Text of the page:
The book discusses buying a car. Among the recommendations are buy what you need (which probably won’t be a turbocharged car), try to find a good used car for less than $5,000, and pay cash. I’m going to advise you to be flexible here. The car I owned before I bought my Kia was (I thought) a $4,200 bargain. It had low miles, had been owned by a little old lady who had only driven it to the beauty parlor, and it turned out to be not only the most expensive car I’ve ever owned, but the car that convinced me never to buy another General Motors product for as long as I live. (And I come from a family that rarely bought anything that wasn’t GM.) I drive between 2,000 and 3,000 miles per year, and that car easily cost $2,000 a year to keep running. When the brakes failed the SECOND time, I decided enough was enough. I had the brakes fixed and drove the car to a Kia dealership fully expecting to write a check for a new car. When I didn’t bother filling out the credit application because I was going to pay cash, the salesman told me I really didn’t want to do that, since if I financed the car with Kia, they’d knock $1,000 off the price of the car. I asked how long I had to keep the car financed, and he said three months, and I could pay one-third of the principal for each of those three months. The interest rate was 5%. The sales tax in Missouri is 8%, so I saved $80 on the sales tax and wound up paying three months’ interest at 5% (probably about $35). The car cost $16,000—the only option I bought was an automatic transmission, and that was nearly five years ago. I’ve had the car serviced every nine months, and so far that’s been my only expense. Given that I was paying at least $2,000 a year to keep my previous car running, I figure this car has saved me $10,000 so far, and if that continues another three years, the car will have been free. So, I’d diverge from the FIRE folk here and advise you to keep your options open and think long-term when it comes to cars.

                Scott and Taylor decided to leave California for a more affordable area. They narrowed their list to Bend, Oregon, Fort Collins, Colorado, Boise, Idaho, and Spokane, Washington. They fell in love with Bend and decided to settle there. They fell in love with a midcentury home and offered the $480,000 asking price. Alas, and possibly for the best, the home had multiple offers and they wound up with a $420,000 house in a slightly less desirable area.
                A personal note here. Scott grew up largely in Iowa and his parents still live there. He mentions homes there are $150,000. I’m not clear on why a $420,000 home in Bend was a more attractive alternative. But I’ve never been to Bend, and this is Scott's and Taylor’s story. But there are many places where housing is more affordable, including Kansas City (although given the city’s profligate spending on subsidized housing for the wealthy and a fixed rail fair weather only streetcar, I’d strongly favor the Kansas side if I were in the housing market today).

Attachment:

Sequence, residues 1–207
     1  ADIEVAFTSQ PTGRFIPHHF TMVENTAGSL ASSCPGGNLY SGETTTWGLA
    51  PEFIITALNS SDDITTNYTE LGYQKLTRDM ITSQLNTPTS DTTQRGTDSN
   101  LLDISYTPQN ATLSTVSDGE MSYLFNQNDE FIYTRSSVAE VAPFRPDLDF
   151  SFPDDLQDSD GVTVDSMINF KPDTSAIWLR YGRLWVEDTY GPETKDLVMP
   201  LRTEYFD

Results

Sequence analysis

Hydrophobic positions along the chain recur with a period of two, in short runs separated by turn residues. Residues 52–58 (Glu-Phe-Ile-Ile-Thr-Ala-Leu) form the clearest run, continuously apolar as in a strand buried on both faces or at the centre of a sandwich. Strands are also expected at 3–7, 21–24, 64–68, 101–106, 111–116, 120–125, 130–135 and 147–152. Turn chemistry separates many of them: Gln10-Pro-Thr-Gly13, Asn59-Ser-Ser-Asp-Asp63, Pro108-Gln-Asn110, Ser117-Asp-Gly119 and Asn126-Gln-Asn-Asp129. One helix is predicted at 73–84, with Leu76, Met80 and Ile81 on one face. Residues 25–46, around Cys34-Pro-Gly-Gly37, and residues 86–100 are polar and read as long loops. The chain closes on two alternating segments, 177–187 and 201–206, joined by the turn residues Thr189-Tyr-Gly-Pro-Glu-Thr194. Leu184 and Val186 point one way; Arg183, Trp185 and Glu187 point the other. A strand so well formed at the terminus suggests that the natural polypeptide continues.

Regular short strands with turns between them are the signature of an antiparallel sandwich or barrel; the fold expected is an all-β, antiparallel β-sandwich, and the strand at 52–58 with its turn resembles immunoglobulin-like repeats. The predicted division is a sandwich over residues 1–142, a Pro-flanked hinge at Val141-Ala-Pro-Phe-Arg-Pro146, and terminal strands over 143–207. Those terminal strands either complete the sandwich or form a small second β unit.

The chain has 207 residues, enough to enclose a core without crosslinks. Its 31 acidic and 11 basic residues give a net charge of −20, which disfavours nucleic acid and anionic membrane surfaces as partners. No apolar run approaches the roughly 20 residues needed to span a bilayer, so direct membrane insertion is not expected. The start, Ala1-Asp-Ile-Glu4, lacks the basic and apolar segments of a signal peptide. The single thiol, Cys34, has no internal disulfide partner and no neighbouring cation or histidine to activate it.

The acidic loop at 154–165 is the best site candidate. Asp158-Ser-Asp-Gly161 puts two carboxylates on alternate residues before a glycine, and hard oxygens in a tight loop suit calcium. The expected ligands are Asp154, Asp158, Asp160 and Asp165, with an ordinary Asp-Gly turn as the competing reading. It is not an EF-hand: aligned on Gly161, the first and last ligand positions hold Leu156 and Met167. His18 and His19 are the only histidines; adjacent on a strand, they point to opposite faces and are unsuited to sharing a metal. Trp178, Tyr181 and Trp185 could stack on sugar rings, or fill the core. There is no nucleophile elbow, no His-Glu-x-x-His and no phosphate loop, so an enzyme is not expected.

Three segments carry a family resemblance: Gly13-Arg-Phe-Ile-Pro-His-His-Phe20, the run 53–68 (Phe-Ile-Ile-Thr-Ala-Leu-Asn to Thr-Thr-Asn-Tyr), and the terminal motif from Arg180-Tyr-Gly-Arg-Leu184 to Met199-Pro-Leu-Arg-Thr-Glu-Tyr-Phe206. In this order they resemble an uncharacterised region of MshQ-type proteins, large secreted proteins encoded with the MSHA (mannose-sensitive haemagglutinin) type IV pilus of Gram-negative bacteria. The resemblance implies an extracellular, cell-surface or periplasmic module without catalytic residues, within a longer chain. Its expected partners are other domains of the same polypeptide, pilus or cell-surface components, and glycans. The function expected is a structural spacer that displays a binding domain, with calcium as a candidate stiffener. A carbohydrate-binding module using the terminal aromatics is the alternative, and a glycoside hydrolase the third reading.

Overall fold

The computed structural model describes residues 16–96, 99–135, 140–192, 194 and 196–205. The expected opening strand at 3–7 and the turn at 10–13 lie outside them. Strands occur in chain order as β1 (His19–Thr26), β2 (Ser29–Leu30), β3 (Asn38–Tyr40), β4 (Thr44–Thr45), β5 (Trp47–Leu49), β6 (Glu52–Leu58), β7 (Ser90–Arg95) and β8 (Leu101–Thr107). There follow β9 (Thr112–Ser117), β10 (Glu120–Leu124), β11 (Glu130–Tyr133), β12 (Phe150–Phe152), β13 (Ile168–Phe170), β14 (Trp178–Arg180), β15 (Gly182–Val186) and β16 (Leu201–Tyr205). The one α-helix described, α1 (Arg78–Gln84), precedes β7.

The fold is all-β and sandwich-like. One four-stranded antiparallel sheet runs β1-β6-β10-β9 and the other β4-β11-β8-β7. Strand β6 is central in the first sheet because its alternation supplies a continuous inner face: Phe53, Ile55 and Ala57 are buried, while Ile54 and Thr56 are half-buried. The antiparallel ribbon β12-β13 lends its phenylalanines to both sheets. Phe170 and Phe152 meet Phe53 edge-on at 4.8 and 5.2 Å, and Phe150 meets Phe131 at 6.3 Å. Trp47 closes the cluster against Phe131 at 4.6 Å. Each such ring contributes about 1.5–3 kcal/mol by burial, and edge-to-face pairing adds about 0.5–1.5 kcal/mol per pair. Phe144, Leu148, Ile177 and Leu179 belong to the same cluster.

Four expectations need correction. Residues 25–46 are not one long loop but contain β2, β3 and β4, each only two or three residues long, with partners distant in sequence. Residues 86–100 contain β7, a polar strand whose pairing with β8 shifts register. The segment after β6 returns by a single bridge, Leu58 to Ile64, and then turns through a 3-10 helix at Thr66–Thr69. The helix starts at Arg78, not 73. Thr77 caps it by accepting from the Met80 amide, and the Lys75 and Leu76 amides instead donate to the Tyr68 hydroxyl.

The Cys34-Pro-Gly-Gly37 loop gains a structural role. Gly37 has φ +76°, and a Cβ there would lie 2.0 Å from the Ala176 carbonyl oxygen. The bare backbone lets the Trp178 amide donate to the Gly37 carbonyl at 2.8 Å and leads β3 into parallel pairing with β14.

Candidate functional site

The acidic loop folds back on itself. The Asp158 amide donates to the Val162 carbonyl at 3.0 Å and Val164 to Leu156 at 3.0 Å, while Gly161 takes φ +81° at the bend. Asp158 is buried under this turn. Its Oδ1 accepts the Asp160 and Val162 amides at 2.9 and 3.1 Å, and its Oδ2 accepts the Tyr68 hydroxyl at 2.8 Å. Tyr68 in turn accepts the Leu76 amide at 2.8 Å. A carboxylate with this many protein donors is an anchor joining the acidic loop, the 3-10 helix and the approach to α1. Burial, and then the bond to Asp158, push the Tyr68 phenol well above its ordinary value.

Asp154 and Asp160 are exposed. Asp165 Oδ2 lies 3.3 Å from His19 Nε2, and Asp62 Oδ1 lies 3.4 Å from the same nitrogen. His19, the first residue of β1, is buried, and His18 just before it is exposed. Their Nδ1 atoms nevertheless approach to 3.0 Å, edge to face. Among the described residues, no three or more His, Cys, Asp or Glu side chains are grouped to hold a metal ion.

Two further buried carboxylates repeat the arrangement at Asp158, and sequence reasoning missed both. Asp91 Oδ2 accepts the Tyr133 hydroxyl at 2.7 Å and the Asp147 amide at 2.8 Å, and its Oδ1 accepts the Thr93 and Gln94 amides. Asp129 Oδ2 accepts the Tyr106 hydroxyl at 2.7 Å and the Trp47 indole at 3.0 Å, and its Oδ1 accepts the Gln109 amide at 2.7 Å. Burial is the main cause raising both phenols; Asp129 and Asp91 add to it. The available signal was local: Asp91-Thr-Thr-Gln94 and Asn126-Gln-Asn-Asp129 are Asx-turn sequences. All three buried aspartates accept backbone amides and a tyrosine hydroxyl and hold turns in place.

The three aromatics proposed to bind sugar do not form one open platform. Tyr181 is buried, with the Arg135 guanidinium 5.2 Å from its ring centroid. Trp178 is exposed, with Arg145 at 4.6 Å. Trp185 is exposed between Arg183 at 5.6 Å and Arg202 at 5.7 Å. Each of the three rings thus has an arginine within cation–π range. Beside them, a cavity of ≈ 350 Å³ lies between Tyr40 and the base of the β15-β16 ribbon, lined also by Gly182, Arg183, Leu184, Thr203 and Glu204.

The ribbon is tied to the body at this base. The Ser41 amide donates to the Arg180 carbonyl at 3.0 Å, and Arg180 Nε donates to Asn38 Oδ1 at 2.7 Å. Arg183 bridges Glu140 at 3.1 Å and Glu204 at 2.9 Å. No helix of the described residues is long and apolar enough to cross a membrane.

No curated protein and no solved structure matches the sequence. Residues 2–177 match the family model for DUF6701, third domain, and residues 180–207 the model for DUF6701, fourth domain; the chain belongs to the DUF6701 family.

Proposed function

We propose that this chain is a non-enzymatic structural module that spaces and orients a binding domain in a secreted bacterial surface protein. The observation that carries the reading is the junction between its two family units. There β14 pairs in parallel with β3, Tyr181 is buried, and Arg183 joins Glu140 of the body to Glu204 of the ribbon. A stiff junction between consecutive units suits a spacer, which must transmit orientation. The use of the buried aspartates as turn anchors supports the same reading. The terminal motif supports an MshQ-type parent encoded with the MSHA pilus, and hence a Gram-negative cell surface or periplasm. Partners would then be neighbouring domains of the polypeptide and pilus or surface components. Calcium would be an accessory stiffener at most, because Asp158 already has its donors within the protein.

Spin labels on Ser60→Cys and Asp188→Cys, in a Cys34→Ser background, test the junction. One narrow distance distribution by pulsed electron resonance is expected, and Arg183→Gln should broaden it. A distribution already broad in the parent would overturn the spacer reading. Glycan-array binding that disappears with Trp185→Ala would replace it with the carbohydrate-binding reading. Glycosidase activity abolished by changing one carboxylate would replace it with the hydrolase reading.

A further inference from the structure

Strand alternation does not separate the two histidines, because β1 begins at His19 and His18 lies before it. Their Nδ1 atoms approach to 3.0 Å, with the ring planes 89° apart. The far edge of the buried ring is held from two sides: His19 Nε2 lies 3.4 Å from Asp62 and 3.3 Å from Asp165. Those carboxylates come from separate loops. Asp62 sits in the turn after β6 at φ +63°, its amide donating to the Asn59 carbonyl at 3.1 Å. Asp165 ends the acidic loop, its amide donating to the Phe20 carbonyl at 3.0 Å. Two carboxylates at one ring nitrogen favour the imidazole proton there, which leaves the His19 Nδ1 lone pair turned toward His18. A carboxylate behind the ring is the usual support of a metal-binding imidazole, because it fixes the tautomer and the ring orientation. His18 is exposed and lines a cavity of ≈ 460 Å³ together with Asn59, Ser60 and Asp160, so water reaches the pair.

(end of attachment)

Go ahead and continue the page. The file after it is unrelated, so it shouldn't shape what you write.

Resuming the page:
Scott sprinkles the book with other people’s FIRE stories, which I found encouraging. After all, it may seem easy on the surface to cut a lot of unnecessary spending from a $142,000 annual budget, but how about those who make less? Jillian of Kalispell, Montana is 35 and reached FI at 32 on a $60,000 income. She spends $30,000 a year for a family of seven. She and her husband were extremely frugal and overcame many obstacles, but at 35, they’re financially independent. Kalen and Kyle of Evans, Colorado currently spend $32,000 a year. They’re 26 and plan to reach FI at 32 by continuing to save 65% of their income (which I estimate is $92,000 per year). And these are just a couple of the inspiring FI stories in this book.
                One young man gives this advice: For traditional employment, don’t pursue your passion. Find a company that appreciates its employees and will provide challenging work for equitable compensation. Make the rest of your life about pursuing your passion. Good advice, indeed.
                Scott concludes: “[O]nce you taste a truly free life, untethered to a schedule or a paycheck or a career ladder, you can’t untaste it. Once you ask yourself the most important questions—What do I want to do with my time, and what makes me happiest—you can’t ignore the answers.” (Italics his)

                While you’re waiting for the book, here are some websites Scott provides for you to check out the FIRE movement:

                Mr. Money Moustache:

                Mad Fientist:


                Physician on FIRE:

                Early Retirement Extreme:

                The Simple Path to Wealth:

                Millennial Revolution:


                Afford Anything:

                When I contrast this book with Malcolm Harris (B. 1988)’s whinefest, Kids these Days, which I reviewed last February, there simply is no comparison. Mr. Harris (B. 1988) wallows in his misery, and that’s basically all he has to offer. Scott and Taylor are roughly the same age as Mr. Harris (B. 1988), and they offer a way for people to take control of their future and live the lives they want to live. And I’m happy to see the media are giving the FIRE movement serious coverage. With the future so uncertain (as it always is), FIRE provides a path to prepare for some of that uncertainty.

                I won’t go so far as to take Suze’s approach and say if you don’t follow Scott’s advice, you’ll wind up putting a gun to your head, but I don’t think you’ll regret reading what Scott has to offer.

                I hate to end this post with a downer, but in his latest post Pete Adeney, Mr. Money Moustache, reveals he and his wife have divorced. If there is good news here, it’s that their divorce is extremely amicable, and it was all accomplished for $265. Here’s wishing both of them the best.

                Next up: I’m going to fulfill a promise I made nineteen years ago.

©2019 Larry Roth


  1. Pre-ordered the moment you mentioned it. And yes, sign me up for multiple copies of the revised "Beating The System"! I still re-read it and "Political Frugality" once a year. The learning never stops.

  2. Great article. Not sure why it rubbed Suze the wrong way tho? I retired last year and delaying SS until I be hit 70. I could have kept working until then, but why? Never having to attend "meetings to plan meetings" ever again was worth it. I don't miss filling out BS development plans either.

  3. That's a good plan. Believe me, I understand the meeting plans and the the BS paperwork. Congratulations for making the break. As for Suze, who knows what her issue is? I suspect it's at least a reaction to an idea she didn't come up with.